Prospective homebuyers are, of course, not likely going to be thrilled at the idea of purchasing a home that already has issues to be dealt with, on top of the usual work that goes into moving and/or remodeling. Any problems with the bare bones of the home, such as structural issues, plumbing malfunctions, or even light wear and tear should be tended to. There are also many simple projects one can undertake to significantly improve the value of a home

However, it’s also important to improve the quality and appearance of visible items that won’t stay in the home. Despite the fact that it would not be a problem for them, potential buyers likely do not want to see an unmade bed, a stained sofa, or ratty old towels.


Neutralize and Light It

It is usually best to lean towards a more neutral color palette for the decor. Not only will it appeal more widely to a variety of interested parties, but it may also have a calming effect. 

Additionally, there should be substantial lighting; although it is possible to overdo it, especially with fluorescents. Lighting can also improve mood, as well as create the appearance of more space, and highlight specific areas of the room. The last of those functions are especially useful when a room has a particularly appealing feature, such as a beautiful mantelpiece. Light sources can be arranged to showcase the feature more prominently.


Add Special Touches

Small additions can go a long way in terms of improving the appearance of a space. Books on a coffee table, flowers on a kitchen counter, or a throw pillow on a couch can be the touch that completely brings the look together. Bright, primary colors like (clean!) towels hanging in bathrooms or fruit baskets in the kitchen add interest without reminding visitors of the previous occupants.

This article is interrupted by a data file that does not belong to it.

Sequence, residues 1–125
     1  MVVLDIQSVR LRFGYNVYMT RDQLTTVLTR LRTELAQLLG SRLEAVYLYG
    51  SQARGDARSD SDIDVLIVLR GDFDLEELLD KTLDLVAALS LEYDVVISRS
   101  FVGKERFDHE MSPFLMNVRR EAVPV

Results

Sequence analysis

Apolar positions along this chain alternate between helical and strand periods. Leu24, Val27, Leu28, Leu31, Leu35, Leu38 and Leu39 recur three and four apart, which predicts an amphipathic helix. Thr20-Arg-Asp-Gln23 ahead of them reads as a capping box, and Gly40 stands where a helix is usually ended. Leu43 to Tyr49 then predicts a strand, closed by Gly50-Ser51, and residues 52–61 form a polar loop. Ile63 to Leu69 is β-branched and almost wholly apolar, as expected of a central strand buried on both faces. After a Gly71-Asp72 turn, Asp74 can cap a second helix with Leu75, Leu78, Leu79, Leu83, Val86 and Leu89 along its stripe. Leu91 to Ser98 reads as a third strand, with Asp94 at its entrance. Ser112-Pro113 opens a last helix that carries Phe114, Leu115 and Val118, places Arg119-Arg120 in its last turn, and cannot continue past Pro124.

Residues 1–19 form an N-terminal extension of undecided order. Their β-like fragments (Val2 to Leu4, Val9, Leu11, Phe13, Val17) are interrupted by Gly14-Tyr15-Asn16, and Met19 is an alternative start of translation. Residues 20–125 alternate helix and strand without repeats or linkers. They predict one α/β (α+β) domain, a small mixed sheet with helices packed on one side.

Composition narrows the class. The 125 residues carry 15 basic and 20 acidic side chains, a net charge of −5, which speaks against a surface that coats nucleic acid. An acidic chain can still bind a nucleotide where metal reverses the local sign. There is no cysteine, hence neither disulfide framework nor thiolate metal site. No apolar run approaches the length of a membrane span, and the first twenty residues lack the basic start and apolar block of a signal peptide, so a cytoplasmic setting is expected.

Stage Furniture

Furniture takes up a lot of space, and therefore it is vital that it looks great. There are many options for ensuring that the furniture in any space looks appealing, but generally, a layout that allows for a lot of open space is ideal. This will make the house appear more neat and roomy. Utilizing interior decorating techniques such as “floating furniture” or feng shui can be very helpful in achieving an open, aesthetically pleasing floor space.

Hire a Professional for Best Results

Although it is certainly possible to stage a house for sale yourself, you will almost certainly get better quality by hiring a professional. A professional will notice small things that will only register subconsciously to most people, and make changes that are subtle but have a significant impact on the ambiance of a room. 

While you may save money staging the home yourself, you may also lose more than you save due to the home appearing less appealing, staying on the market longer, or ultimately drawing lower offers than it could have been with the help of someone who stages houses professionally. However, all real estate agents are not equal, so it is important to shop around and ask potential agents interview questions to find the best Realtor for you.